General policy statement
New Zealand is a more unequal society now than it has ever been and rising child poverty is a sad reality. We now have 270 000 children in poverty and 40% of them come from the homes of working families.
Unfortunately, that means that when it comes to education all kids do not start at the same place. Ministry of Health estimates suggest that as many as 80 000 students turn up to school each week without having had breakfast. Charities are already providing over 40 000 schoolchildren with food each week, but it is clear the need is much greater than this.
There is substantive evidence from New Zealand and around the world that hunger has a significant impact on children’s cognitive development, learning, and classroom behaviour. A 2005 study by New Zealand researchers Quigley and Watts Ltd concluded that a significant number of New Zealand children’s diets were so poor that their brain functioning was affected.
If kids turn up to school not having eaten breakfast, without shoes, or sick because their house is cold and damp, it is obvious they will not get the best start. Addressing this problem is one of the most important actions we can take to lift New Zealand’s educational achievement.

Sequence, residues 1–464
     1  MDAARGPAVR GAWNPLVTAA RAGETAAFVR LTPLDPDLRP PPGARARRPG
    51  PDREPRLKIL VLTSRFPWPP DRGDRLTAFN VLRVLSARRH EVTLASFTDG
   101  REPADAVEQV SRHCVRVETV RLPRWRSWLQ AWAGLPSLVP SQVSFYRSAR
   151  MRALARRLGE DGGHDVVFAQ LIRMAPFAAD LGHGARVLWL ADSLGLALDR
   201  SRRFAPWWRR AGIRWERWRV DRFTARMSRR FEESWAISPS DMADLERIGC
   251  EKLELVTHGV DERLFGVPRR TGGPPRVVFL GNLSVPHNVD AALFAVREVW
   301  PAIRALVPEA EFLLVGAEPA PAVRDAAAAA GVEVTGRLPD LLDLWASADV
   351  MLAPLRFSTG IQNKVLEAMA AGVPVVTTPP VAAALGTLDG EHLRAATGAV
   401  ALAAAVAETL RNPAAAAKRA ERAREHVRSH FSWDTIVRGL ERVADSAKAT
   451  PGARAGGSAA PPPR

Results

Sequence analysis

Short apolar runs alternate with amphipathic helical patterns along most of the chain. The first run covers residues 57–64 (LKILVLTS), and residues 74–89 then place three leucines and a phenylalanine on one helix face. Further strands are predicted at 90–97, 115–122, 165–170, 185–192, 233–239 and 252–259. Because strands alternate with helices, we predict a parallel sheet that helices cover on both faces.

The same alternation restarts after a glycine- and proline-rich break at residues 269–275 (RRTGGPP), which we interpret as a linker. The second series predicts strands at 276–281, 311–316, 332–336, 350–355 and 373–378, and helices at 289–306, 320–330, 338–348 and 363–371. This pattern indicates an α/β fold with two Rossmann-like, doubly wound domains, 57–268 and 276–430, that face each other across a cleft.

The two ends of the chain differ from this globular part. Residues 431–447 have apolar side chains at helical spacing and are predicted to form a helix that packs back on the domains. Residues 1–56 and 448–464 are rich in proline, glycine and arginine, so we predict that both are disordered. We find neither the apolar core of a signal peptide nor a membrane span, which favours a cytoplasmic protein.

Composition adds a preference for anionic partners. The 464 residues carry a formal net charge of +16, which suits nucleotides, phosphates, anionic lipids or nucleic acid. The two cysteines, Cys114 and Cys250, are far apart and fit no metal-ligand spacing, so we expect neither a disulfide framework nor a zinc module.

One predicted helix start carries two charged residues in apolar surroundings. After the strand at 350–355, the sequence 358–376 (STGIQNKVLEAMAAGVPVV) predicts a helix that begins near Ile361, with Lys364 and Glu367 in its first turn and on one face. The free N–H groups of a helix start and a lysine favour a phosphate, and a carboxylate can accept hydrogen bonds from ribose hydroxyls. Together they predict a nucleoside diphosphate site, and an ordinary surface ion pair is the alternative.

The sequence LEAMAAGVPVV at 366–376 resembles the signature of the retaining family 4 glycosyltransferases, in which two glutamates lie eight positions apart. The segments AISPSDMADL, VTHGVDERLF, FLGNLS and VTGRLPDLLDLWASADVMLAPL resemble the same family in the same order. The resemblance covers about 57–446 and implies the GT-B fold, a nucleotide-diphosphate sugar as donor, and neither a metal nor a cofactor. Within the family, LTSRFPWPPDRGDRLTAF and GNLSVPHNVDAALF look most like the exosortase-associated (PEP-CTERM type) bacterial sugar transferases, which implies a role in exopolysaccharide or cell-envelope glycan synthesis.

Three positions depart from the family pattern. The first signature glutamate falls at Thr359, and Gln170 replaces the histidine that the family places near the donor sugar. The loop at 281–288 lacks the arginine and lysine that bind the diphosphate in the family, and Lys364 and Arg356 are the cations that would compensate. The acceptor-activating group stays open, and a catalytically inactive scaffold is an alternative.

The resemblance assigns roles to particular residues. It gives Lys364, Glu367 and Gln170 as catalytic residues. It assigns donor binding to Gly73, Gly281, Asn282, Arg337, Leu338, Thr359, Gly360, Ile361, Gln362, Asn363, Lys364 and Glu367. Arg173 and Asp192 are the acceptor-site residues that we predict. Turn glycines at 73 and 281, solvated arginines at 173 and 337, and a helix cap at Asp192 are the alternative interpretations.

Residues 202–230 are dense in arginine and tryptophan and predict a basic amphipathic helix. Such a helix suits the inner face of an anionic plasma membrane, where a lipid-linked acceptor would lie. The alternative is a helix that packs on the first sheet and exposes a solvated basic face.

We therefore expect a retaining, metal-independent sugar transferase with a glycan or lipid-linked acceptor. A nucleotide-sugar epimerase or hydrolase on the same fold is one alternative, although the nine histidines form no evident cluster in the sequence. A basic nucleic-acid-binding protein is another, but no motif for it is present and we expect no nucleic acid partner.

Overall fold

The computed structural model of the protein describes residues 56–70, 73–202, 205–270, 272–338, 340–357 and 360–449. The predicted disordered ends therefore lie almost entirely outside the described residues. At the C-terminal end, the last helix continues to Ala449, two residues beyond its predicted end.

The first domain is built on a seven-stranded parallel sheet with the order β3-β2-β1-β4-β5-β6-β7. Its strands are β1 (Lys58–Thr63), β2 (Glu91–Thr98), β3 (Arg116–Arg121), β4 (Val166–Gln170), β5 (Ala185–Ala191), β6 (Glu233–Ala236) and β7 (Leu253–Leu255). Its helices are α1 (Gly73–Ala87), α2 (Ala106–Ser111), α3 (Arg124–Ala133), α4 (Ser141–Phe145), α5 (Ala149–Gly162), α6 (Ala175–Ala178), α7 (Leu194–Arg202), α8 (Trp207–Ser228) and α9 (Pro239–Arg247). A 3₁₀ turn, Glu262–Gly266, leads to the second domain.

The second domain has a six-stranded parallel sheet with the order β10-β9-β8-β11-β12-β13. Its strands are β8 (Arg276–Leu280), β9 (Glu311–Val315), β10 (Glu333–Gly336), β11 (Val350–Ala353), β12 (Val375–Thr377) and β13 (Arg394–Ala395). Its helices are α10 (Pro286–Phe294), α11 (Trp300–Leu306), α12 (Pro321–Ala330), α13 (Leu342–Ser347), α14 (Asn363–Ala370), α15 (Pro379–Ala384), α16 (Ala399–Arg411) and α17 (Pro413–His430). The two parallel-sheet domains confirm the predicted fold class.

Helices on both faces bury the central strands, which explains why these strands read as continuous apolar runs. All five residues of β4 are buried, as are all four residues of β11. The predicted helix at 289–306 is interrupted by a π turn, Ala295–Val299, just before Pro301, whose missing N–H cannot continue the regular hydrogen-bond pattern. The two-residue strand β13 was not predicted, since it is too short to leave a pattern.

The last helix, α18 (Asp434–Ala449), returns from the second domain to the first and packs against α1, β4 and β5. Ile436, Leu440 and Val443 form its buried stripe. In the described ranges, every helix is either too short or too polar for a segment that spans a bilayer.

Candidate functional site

To address this issue the Government needs to be more hands-on, partnering with communities and voluntary organisations to put free food in all primary and intermediate schools that want and need it.
This Bill is intended to be permissive rather than prescriptive. It provides for schools to be eligible for assistance from designated food in school providers on the basis of indicators of need that the Ministry will be responsible for specifying.
The intent of the Bill is to provide for a legislative basis for making food in schools available to all decile 1 to 3 primary and intermediate schools, but the Bill leaves it open for the eligibility to be subsequently widened as funding permits.